• STEVEusaPASTEVEusaPA Posts: 3,065Member
    edited September 2018
    The date is wrong on the analyzer. It bothers me because a time stamp can be considered evidence in a legal dispute. If i had to go to court to defend that test, and couldn't tell you what day I did the test, it could damage credibility.

    Seems like you may be a little underfired/a little too much combustion air. Was a proper smoke test performed?
    What nozzle/pump pressure?
    I'd like to see a c/a, when the ambient air is 30 degrees.
    If the draft measurement is at the breech, you're good there.
    steve
  • CFooteCFoote Posts: 11Member
    Thanks Steve for the fast response.

    The opening where we stuck the analyzer probe was a good 1/3" opening, do you think O2 is sneaking into the pipe when we do this test? I can try re-sealing it and seeing if that makes any difference on the O2 %.

    Unsure of pump pressure, but we're using a 5560 nozzle (.55gph 60 degree spray). I believe we tried the next size up a few years ago and the Buderus was really making quite a noise when she initially fired up.

    I agree on another c/a with lower ambient air temp. That will also affect the draft I would think. We are supposed to drop into the 40s Saturday night, we'll see.

    Chris
  • Robert O'BrienRobert O'Brien Posts: 3,135Member
    Stack temp is too high. EA is too high, should be around 30%. As you reduce air, the stack temp will drop. Stack temp should be in 350F range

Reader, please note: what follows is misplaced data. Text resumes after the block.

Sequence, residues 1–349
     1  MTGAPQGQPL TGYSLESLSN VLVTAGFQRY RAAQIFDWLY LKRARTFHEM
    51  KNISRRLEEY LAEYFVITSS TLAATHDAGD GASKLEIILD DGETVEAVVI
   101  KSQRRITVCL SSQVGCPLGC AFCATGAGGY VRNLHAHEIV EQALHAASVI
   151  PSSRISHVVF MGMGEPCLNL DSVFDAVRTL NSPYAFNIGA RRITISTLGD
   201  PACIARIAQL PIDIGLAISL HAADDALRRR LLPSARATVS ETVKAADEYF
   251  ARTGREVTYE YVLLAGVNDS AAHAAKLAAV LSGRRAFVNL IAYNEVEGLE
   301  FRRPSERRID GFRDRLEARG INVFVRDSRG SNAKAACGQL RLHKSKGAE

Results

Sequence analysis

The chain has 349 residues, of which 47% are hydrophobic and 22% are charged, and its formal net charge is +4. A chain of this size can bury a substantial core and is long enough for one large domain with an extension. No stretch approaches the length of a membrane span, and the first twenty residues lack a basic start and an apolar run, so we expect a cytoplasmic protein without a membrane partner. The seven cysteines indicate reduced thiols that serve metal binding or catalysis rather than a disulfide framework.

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  • CFooteCFoote Posts: 11Member
    edited September 2018
    Thanks very much for replying Robert.

    I just checked the air gate setting on the burner itself and it is set for 3.5 as advised by the specific Buderus boiler (G115WS/3). The turbulator is a reverse disk on this model and I don't believe it's adjustable.

    Do you think I should adjust the air gate? I would add that the temps here (ambient air) are still quite high, around 60-70 degrees.

    Chris
  • STEVEusaPASTEVEusaPA Posts: 3,065Member
    You don't want to adjust the air gate without taking a smoke test, and using the analyzer.
    steve
  • rick in Alaskarick in Alaska Posts: 869Member
    Also, check the nozzle type. Riello likes to burn best with a "W" nozzle in them. It might help your numbers.
    From what I can see, your pump is on the supply side, so you are ok there.